Our 18-foot inflatable raft palpitated against a big rock, where the frothy force of the Colorado River threatened a flip.
With hands in fists around frosted straps, I watched friends throw rope from a shore 50 feet away. The throw-bag flew about 10 feet, far short of us, and dropped like a rock into the blue-green channel.
It was supposed to go much farther. The rope was frozen.
It was mid-January, a mile deep in the Grand Canyon, with the sun's warmth locked behind a towering rock wall. A stream of adrenaline spiked my blood for an hour as efforts - hopping, moving and restrapping gear, watching and waiting - were exhausted to free the boat stuck perpendicular in the river.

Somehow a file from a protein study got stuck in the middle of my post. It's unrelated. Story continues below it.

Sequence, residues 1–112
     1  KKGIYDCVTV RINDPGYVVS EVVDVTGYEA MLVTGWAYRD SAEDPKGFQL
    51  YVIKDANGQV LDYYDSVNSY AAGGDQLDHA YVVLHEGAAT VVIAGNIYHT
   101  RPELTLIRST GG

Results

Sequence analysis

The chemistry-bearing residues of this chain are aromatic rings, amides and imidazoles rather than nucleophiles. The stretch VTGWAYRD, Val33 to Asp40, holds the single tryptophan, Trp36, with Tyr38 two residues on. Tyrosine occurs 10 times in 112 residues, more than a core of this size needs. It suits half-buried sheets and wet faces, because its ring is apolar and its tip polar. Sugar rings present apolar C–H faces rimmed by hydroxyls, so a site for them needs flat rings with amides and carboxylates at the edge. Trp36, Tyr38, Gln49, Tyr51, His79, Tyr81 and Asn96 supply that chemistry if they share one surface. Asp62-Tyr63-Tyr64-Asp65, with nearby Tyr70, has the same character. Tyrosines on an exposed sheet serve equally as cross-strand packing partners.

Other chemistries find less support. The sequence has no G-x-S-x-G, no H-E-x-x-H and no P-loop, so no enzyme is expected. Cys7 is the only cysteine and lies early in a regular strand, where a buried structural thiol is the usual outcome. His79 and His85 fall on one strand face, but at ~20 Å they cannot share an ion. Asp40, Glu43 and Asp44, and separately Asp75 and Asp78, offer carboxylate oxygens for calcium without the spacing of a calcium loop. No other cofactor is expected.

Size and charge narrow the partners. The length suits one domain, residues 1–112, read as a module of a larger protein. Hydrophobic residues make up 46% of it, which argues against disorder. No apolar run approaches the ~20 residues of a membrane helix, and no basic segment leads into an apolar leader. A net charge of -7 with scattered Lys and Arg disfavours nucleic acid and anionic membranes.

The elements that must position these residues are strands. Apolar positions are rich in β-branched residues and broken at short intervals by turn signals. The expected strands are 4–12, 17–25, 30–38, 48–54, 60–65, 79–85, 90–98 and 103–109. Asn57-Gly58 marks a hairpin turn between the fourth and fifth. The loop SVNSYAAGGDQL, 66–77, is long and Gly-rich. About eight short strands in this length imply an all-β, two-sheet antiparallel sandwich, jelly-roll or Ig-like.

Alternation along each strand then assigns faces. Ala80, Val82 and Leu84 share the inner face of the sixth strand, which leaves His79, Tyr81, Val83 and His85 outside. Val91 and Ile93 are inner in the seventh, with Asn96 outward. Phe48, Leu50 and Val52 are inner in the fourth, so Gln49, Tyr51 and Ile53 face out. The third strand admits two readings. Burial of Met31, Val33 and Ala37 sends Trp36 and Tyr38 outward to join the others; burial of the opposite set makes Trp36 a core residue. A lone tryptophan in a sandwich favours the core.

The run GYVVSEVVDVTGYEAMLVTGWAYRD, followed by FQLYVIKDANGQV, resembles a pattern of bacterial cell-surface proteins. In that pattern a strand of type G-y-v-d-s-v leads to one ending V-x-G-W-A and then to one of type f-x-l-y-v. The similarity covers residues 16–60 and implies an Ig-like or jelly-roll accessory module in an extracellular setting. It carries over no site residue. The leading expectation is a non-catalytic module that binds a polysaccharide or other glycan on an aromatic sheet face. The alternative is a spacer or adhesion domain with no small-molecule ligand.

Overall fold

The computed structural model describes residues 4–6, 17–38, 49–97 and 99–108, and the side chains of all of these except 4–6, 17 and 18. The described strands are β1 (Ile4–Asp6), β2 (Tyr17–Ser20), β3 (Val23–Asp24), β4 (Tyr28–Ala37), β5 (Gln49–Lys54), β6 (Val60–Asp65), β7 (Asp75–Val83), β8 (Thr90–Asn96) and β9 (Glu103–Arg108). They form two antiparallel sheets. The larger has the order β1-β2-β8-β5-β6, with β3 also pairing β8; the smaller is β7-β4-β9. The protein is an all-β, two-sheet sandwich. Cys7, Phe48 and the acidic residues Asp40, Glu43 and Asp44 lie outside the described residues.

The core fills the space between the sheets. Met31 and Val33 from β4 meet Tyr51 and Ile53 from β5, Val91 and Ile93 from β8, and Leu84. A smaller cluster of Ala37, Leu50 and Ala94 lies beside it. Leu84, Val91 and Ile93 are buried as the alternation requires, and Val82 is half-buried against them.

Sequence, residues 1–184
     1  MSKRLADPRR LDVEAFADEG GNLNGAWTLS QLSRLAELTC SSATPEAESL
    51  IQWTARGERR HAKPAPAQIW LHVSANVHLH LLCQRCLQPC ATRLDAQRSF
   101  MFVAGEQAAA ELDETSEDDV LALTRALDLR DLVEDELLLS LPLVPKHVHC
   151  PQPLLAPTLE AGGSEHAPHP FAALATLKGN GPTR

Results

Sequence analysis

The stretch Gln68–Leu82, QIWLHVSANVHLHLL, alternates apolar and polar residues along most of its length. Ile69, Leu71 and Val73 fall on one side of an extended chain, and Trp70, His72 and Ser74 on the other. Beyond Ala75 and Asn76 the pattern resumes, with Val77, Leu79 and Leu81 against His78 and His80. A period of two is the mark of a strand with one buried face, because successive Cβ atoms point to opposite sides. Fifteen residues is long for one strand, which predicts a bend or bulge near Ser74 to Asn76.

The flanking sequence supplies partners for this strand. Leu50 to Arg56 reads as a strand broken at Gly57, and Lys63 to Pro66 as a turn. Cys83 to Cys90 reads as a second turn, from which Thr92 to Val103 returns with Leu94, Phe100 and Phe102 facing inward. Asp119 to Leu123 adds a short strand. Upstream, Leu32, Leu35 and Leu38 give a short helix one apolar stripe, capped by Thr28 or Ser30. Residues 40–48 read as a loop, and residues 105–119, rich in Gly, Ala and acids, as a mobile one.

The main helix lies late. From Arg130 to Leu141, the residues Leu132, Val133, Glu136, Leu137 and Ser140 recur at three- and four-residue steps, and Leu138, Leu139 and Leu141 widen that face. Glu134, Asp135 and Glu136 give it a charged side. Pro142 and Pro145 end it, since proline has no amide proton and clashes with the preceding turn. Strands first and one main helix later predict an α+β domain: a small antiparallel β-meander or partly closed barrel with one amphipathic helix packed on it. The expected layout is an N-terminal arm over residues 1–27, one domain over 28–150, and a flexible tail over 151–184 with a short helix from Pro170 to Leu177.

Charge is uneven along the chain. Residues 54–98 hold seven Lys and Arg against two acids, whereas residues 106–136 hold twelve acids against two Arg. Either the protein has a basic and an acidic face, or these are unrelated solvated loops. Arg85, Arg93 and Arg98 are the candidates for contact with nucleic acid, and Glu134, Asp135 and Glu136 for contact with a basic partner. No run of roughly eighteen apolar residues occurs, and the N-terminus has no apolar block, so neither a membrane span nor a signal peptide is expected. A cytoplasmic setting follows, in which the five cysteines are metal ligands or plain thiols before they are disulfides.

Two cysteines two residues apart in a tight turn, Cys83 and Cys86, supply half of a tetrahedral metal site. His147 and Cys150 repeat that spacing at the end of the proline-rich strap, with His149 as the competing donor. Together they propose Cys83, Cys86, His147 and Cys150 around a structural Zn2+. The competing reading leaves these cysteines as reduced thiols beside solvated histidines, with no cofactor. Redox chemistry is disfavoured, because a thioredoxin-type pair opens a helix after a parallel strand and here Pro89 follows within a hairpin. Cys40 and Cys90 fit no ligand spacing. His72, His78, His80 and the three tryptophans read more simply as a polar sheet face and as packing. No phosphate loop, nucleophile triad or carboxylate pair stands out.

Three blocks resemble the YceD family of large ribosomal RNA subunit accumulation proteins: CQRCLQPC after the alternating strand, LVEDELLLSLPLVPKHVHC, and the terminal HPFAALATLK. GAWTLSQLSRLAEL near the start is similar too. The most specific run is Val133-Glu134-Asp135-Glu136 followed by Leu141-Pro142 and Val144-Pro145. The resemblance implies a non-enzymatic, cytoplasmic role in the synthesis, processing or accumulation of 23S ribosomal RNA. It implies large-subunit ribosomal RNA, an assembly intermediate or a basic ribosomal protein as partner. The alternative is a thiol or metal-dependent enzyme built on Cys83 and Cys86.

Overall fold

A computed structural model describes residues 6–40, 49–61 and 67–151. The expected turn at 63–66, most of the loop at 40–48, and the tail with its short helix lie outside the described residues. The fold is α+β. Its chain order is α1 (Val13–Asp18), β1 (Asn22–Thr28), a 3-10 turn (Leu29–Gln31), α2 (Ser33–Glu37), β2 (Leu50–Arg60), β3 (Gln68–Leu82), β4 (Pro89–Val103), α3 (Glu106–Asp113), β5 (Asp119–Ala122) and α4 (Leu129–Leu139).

At roughly 2,000 pounds with gear and four people, the raft wasn't going anywhere.
"When you practice for emergency rescues, you run through every possible variable so that when you're actually doing a rescue, you're ready for anything," said Jay Berkes, a professional raft guide who paddleboarded the Colorado River when he wasn't rowing or rigging a rescue line.
"Frozen rope on a rafting trip has never once crossed my mind as a legitimate concern. I remember seeing everyone on the rock put their heads down and laugh. That was pretty funny."
Temperatures had dipped toward record lows. Hypothermia was a few minutes of submersion away.
Robert Allen previously worked for the Summit Daily News and now reports for the Fort Collins Coloradoan. This story was printed with permission from the Coloradoan.